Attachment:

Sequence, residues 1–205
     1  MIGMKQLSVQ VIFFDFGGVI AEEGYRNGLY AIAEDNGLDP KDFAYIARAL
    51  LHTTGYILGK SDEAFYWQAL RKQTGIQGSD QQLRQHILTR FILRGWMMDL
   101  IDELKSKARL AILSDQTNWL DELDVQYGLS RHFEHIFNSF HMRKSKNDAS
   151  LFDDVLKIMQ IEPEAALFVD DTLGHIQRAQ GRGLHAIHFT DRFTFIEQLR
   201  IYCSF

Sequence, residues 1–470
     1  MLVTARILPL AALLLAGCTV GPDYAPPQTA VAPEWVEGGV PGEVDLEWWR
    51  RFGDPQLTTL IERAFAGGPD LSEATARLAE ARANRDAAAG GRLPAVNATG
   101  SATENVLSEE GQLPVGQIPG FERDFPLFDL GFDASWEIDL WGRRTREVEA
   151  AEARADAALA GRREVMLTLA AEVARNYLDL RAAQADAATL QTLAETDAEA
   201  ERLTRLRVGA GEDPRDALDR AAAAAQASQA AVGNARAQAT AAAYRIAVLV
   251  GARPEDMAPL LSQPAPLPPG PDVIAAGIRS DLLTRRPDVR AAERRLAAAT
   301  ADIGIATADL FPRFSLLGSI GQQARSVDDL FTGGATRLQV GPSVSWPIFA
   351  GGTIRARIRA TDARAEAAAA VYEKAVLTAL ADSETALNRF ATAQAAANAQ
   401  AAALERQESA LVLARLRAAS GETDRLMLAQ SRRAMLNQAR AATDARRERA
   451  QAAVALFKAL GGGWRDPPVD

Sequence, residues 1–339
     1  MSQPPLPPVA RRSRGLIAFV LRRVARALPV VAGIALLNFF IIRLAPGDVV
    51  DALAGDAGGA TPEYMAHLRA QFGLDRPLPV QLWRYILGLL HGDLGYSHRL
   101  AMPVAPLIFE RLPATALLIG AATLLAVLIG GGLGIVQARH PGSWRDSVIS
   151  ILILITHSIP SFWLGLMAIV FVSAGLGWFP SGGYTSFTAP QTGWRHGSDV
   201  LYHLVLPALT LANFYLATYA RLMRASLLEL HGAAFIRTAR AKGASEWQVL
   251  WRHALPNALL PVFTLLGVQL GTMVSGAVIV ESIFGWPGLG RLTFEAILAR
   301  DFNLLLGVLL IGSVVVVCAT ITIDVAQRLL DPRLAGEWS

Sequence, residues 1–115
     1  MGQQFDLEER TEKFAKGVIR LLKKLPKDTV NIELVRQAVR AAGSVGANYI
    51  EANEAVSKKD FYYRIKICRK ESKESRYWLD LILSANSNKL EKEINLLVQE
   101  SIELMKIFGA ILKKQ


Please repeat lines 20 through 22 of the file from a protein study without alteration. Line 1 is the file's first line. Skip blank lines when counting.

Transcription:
    51  DALAGDAGGA TPEYMAHLRA QFGLDRPLPV QLWRYILGLL HGDLGYSHRL
   101  AMPVAPLIFE RLPATALLIG AATLLAVLIG GGLGIVQARH PGSWRDSVIS
   151  ILILITHSIP SFWLGLMAIV FVSAGLGWFP SGGYTSFTAP QTGWRHGSDV